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Sask. sheds Melfort meat processing firm

The Saskatchewan government’s two-year search for a buyer for its cash-losing Thomson Meats plant at Melfort has ended in the company’s head office.

A company led by current Thomson CEO Paul Kowdrysh will pay $246,972.05 for the meat packer and assume all its debt and liabilities, the province announced last week.

“Our role as government is to create a positive economic climate for businesses to succeed, not to be involved in owning private companies,” provincial Agriculture Minister Bob Bjornerud said in a release. “Getting Thomson Meats Ltd. back into the hands of industry is a positive step in that direction.”

The province slowly became Thomson’s owner between 1996 and 2007, investing about $11.9 million through grants, debentures and share purchases by various provincial agencies and programs, the government said last week.

In that time, the province said, Thomson “has not recorded a profit in any year,” nor did the provincial government collect any dividends, nor any repayments on its debentures.

Thomson began in 1960 as a retail butcher shop at Naicam, about 50 km south of Melfort. In 1982 the company opened its new facility at Melfort and had upgraded to a federally inspected meat plant by 1991.

The company expanded rapidly, going public in 1993 on what was then the Alberta Stock Exchange (now part of the TSX Venture Exchange) as it began shipping meat products throughout Western Canada and the northern territories and sought to expand into markets overseas.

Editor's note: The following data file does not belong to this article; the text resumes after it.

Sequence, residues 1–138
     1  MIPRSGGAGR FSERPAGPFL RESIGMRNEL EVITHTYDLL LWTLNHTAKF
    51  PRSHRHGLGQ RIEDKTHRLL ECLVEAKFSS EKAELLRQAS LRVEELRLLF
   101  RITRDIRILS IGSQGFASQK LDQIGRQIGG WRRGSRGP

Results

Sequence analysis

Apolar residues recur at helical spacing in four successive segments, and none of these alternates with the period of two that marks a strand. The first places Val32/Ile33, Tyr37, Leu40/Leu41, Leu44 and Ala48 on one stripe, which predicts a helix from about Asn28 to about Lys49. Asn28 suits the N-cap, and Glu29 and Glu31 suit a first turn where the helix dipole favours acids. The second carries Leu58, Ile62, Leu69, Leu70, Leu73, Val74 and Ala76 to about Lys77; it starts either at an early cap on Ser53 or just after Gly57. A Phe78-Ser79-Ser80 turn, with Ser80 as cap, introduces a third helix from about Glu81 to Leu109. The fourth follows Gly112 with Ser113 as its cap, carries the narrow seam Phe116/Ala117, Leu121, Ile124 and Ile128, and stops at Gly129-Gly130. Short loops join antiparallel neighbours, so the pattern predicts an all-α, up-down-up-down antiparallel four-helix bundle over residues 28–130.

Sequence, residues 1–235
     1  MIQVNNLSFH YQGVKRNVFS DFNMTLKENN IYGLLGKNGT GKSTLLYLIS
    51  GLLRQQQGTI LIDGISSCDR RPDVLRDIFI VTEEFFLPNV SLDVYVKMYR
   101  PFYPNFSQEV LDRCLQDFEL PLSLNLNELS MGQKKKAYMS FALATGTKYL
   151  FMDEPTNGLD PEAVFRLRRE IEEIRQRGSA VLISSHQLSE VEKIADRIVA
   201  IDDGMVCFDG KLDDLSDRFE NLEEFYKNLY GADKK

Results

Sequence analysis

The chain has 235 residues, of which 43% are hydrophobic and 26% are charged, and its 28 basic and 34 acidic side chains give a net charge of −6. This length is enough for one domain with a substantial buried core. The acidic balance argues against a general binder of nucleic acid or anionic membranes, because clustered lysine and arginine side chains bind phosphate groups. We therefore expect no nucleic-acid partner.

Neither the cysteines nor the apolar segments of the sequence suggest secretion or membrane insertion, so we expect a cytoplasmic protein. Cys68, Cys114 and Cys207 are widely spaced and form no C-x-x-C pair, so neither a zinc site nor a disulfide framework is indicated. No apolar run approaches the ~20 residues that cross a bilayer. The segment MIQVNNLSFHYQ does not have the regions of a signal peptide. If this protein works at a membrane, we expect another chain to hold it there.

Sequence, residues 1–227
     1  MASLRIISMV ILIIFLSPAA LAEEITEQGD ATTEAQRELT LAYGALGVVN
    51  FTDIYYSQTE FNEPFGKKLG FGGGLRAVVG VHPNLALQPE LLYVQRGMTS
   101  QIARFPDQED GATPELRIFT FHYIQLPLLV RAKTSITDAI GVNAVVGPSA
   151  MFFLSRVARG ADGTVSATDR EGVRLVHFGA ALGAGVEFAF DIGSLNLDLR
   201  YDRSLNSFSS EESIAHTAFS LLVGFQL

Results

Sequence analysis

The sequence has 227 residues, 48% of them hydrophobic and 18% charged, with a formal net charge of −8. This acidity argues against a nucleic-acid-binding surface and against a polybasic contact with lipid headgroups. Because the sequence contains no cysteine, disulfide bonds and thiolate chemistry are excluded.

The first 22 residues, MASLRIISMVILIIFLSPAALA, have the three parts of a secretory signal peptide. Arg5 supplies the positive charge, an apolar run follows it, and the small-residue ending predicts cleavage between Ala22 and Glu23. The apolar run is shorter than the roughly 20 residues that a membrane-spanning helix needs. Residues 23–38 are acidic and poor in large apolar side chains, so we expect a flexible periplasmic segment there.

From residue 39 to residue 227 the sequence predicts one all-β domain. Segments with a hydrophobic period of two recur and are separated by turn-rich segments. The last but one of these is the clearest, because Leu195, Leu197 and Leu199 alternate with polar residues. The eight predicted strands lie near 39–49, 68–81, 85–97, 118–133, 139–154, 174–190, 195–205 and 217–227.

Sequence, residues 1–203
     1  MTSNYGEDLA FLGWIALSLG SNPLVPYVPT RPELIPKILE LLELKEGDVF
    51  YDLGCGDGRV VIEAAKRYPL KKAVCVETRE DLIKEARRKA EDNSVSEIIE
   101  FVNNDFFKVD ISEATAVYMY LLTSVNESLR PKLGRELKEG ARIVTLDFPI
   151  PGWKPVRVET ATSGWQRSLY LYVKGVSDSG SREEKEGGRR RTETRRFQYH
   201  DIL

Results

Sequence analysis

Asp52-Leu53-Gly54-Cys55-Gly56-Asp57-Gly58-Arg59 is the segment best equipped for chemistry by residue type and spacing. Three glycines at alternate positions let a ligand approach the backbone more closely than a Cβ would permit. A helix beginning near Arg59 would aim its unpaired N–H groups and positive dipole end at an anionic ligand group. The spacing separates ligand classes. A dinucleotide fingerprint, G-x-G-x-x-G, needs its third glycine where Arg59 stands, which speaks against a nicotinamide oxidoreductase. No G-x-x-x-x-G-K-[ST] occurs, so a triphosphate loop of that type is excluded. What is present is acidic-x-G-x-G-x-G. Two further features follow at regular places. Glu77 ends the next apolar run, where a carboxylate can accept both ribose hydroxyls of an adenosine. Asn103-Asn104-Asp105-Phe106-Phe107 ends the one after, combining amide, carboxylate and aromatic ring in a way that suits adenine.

But despite expansion in 1995, heavy debt and underwhelming sales soon jeopardized the company and by 1998 the province had become the company’s majority owner. Agricultural Credit Corp. of Saskatchewan (ACS) owned 100 per cent of the company before last week’s announced sale.

Thomson, which still processes its own brand and lines of meats, expanded its plant again in 2006 and launched the Saskatchewan Toll Processing Centre, which provides processing services to companies and groups aiming to bring meat products into federally regulated markets.

“Private hands”

Kowdrysh was hired as the company’s new CEO in 2007, at which time the Saskatchewan ag ministry touted his skills as a “turnaround specialist” in helping organizations build profitable ventures.

ACS, in its annual report to government in April, said it received a letter of intent in March to buy its unnamed “wholly owned subsidiary” and would write down its net investment to the net recoverable amount. ACS in the same report booked an overall write-down of assets of $2.075 million.

Bjornerud said last week he’s “optimistic that returning this business to private hands will improve its profitability in the future.”

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